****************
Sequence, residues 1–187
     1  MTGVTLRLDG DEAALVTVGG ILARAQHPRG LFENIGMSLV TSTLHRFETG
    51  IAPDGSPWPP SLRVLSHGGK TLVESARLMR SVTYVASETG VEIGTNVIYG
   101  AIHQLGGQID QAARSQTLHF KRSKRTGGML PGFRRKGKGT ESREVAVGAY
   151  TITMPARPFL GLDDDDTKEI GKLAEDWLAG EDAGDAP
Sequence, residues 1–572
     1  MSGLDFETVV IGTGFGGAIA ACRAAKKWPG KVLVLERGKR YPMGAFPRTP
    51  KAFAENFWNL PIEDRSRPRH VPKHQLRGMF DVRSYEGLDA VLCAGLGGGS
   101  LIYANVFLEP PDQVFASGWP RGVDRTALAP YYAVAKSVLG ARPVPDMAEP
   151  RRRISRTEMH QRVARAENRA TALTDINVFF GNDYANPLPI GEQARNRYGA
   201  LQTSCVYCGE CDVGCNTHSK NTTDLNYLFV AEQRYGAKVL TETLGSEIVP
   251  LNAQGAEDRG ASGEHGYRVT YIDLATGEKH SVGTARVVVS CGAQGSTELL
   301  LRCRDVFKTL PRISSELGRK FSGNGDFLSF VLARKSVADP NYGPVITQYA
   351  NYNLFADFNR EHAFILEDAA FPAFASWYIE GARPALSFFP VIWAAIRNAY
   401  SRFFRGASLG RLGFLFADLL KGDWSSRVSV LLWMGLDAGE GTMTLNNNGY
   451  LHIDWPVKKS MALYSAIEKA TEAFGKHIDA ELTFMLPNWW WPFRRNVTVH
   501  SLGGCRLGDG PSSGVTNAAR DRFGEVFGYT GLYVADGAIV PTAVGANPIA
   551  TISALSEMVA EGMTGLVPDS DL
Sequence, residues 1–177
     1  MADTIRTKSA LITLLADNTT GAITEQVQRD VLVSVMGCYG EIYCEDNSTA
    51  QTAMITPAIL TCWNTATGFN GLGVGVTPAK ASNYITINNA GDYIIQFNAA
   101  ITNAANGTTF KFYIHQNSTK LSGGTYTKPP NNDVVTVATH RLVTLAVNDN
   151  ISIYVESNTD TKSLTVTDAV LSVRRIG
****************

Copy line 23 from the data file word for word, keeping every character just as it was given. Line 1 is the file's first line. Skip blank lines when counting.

   151  ISIYVESNTD TKSLTVTDAV LSVRRIG